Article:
Is it the child? The teenager who reaches that darkest corner of his or her mind that the only way he sees out is to kill another. He goes to the extent of ruining his own life while taking the life of others. An extreme form of depression? Is the child born with depression? I don’t believe so. His circumstances lead him to take extreme steps.

So, is it the parents? When their child does this henious crime, do the parents wake up from their personal issues? Do the parents have issues or are they people like you and me? I am forced to think that the parents neglect about their child’s activities or child’s life in general isolates the young mind. I am surprised that how can a parent not know what’s happening in their child’s life. They don’t have to pry into each and everything, but don’t you always maintain that virtual umbilical cord even after it’s cut?

So is it the peril of abundance of resources? Are we paying the price of technology with innocent lives? Today we can search anything on the internet. The internet flows more easily than water. Anyone can find anything in that dark jungle. With nobody to restrict you or even tell you right from wrong, are you misled ?

So what is the school teaching you? In India we have classrooms or homerooms even in high school. There is a class teacher or homeroom teacher when you are in your teens. The teacher knows you and keeps that door open for you. You have the same set of friends. What I see different here is each child has his or her own schedule. After grade 6, you are on your own. You are given so much Independence and the importance laid on your Independence kills the, “I will watch over you” syndrome that we carried while in school. There were fifty girls in my class and I knew all of them by name. We knew each other’s parents. There was a bond. Here kids see each other maybe at clubs or in common classes. Aren’t they to young at 13 to be given this enhanced level of Independence?

So then is it the laws of gun control? Maybe it is. How is the seller going to know if the buyer is responsible enough with guns? In the first place, if you are not a law protection officer why do you need a gun? I have never understood this.

So is it everything? It is. It is the parents, the education system, the laws, the technology that empowers, enables and pushes the teenager to that dark corner where nobody should go. I believe nobody wake up one day, picks up a gun and shoots people, especially not teenagers. There is an underlying reason that has had a snowball effect over the years.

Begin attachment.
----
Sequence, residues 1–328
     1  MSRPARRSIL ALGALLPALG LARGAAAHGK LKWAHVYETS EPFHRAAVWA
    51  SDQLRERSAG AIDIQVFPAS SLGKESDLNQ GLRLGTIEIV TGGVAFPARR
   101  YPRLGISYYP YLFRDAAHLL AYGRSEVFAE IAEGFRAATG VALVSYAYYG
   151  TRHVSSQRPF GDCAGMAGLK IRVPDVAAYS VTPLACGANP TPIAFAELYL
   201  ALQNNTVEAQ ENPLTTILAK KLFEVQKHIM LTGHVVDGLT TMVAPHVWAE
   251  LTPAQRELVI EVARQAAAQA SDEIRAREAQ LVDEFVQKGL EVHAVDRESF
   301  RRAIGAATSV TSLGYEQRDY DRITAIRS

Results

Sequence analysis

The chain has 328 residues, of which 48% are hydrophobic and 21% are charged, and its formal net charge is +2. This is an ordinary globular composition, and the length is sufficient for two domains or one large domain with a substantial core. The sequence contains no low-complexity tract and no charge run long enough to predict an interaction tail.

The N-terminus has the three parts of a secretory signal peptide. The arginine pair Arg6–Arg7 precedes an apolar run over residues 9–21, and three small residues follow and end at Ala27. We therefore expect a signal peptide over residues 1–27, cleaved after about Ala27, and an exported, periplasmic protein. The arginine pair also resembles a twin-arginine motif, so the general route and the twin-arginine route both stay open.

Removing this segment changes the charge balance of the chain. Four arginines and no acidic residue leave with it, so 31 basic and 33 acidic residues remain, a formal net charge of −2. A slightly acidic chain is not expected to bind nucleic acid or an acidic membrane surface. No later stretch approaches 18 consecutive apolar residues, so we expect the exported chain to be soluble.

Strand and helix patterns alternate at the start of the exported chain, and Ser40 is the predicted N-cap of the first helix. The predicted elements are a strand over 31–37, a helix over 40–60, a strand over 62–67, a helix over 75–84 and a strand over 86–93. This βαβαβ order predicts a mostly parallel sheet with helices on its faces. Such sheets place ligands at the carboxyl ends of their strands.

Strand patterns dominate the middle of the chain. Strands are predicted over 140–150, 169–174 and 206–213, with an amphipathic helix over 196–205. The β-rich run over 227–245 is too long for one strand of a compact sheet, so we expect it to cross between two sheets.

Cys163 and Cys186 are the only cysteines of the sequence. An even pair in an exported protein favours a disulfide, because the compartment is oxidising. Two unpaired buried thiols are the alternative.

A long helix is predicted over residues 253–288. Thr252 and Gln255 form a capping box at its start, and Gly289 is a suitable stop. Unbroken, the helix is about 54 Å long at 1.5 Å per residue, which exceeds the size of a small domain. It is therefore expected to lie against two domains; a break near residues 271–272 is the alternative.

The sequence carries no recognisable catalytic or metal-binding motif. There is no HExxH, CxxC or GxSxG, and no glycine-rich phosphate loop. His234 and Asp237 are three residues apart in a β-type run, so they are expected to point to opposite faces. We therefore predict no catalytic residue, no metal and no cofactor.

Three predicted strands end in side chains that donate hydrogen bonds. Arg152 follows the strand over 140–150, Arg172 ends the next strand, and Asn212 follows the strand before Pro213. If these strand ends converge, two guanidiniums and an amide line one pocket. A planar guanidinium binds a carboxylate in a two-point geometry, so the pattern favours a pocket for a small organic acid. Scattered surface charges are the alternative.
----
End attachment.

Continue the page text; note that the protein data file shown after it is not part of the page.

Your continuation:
Parents, please involve yourself in your children’s life. You don’t have to poke your nose into everything, but be aware of their thoughts. Talk to them, understand them, teach them the good virtues. If you have guns, lock them up, store them safely. It could destroy your family and many others like yours.

The best thing we can give our children is our time…!

With prayers…

Under the giant tree

I’ve spent many a days

Under the giant tree

Far away from here

In my grandmother’s house

That tree holds my childhood

And memories treasured

The games we played

As innocent nine year olds

It’s branches have rings

From the rope of our swings

It’s shade will tell you stories

About the cool evenings we lay there

Under that tree, in those swings

I see my mother smiling at me

She is holding my brother close

Swaying in the wind, happily

Going higher each time

I am scared they’d get hurt

But she has spent many a days

Under the giant tree many years ago

As a nine year old

In my grandmother’s house.

Identity

My older son is 13 years old and my younger one is 11. My friends have children around these ages. I know their children in close quarters. I have interacted with them and have heard about them from my friends. One distinct quality that stands out and takes me by surprise is their identity or their uniqueness. I see each child being their own person at such a young age. In my children, I clearly see their likes and dislikes. They have opinions, some pretty strong ones. Their choices and preferences are clear to them. They make an attempt to explain it to me. I can have a conversation with them, to understand their choices and the reasoning behind those choices. My friends tell me the same thing.

As I experience this, I reflect upon my years at this age. I don’t think I even had an opinion. Was I supposed to have one? I am not sure. I did what my parents said. If they told me to study, I did, if they told me it was time to eat, I ate, if they took me out, I went. I don’t intend to blow my trumpet about my obedience as a child, but I’m sure everyone in my generation, did the same thing.